Klobuchar: “We must act to make sure American businesses can compete today and for generations to come, and…that domestic steel has an even playing field”
WASHINGTON – In her testimony before the International Trade Commission, U.S. Senator Amy Klobuchar (D-MN) emphasized the need to protect domestic steel production, expressing her strong support for antidumping and countervailing duty orders that have helped strengthen the mining industry on the Iron Range. These tariffs prevent foreign steel producers from dumping cheap steel in the American market.
“The people of Northeast Minnesota know the sting of steel dumping. It idles mines, taconite plants, and factories. It costs workers their good-paying mining and manufacturing jobs and devastates local economies,” said Klobuchar. “[This is] about making sure the deck isn’t stacked against American workers…Comprehensive steel tariffs are necessary to protect the livelihoods of workers in Minnesota and across the country.”
She continued: “The steel industry matters in America. It matters for our workers, it matters for consumers, it matters for our future. We can’t afford to go backwards. We must act to make sure American businesses can compete today and for generations to come, and the continuation of these tariffs can help ensure that domestic steel has an even playing field.”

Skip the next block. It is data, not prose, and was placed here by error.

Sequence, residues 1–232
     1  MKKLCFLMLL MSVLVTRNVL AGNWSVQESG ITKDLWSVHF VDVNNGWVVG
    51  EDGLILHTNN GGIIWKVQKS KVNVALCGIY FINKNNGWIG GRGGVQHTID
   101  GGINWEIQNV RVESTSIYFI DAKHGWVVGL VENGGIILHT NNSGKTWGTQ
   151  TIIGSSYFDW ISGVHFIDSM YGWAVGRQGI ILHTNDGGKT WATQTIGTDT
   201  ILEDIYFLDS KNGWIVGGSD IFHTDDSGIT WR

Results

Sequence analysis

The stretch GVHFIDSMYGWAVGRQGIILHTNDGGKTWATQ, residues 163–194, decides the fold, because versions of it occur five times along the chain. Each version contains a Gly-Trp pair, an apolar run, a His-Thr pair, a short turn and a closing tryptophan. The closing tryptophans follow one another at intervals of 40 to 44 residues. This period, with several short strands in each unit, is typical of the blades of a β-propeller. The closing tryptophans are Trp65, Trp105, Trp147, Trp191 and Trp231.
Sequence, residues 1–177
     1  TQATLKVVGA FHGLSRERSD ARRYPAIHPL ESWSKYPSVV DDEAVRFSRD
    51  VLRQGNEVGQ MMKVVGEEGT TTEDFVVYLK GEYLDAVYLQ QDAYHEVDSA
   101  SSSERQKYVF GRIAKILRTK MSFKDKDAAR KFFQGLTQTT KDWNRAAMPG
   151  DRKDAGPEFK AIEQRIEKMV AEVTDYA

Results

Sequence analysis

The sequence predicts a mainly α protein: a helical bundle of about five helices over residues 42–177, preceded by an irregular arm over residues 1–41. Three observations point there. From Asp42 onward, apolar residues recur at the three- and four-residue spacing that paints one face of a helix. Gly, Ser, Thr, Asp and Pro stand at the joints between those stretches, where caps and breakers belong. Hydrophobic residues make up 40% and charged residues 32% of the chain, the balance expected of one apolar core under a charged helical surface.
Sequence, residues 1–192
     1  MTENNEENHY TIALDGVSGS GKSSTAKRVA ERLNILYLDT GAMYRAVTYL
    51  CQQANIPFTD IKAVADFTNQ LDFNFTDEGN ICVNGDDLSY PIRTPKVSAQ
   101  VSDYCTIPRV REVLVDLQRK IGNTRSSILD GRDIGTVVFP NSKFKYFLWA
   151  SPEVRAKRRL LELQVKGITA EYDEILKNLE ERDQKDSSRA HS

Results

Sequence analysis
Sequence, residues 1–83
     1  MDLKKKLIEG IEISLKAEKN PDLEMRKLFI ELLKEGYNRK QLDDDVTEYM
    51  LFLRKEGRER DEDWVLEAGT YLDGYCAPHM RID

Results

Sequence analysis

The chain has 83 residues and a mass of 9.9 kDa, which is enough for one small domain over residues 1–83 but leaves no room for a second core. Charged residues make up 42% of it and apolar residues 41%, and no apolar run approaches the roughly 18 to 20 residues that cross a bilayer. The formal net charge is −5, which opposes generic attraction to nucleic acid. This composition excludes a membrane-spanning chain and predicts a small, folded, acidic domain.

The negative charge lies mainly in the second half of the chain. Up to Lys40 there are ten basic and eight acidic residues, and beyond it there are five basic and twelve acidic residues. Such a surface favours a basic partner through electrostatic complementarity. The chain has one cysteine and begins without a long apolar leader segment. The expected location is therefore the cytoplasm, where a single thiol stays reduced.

Klobuchar has been a leader in efforts to fight foreign steel dumping and support domestic steel production.
In 2017, Klobuchar led a bipartisan group of colleagues in urging the Trump administration to address Chinese steel dumping and overcapacity. Following consistent pressure from Klobuchar, USITC voted in 2014 to impose penalties on Mexican, Turkish, and Korean companies dumping steel in the U.S.
Klobuchar also sent a letter to successfully urge the U.S. Department of Labor to expedite approval of TAA petitions submitted by workers from the affected mining operations.
In February 2016, Klobuchar successfully pushed the Obama administration to combat steel dumping, including by strengthening inspections of steel imports at ports of entry and increasing personnel at the Commerce Department to help ensure tariffs are enforced against those who dump steel in the U.S.
Klobuchar’s full remarks as delivered are below.
Thank you to the Chairman, Vice Chairman, and distinguished Commissioners, I am grateful to return to speak before you, although I think it’s my first time doing this remotely, to appear before you to speak about maintaining current efforts to protect our steel industry and the importance of supporting the Commerce Department in its work to root out unfair trade practices.
I am here not just as a Senator from Minnesota, although I will note our state is the first in the nation in the movement of iron ore, a state where steel is responsible for billions and billions, I think the last report I saw, $5.4 billion in annual economic output and more than 10,000 jobs. But I’m also here as a granddaughter, which I’ve told you in the past, of an iron ore miner.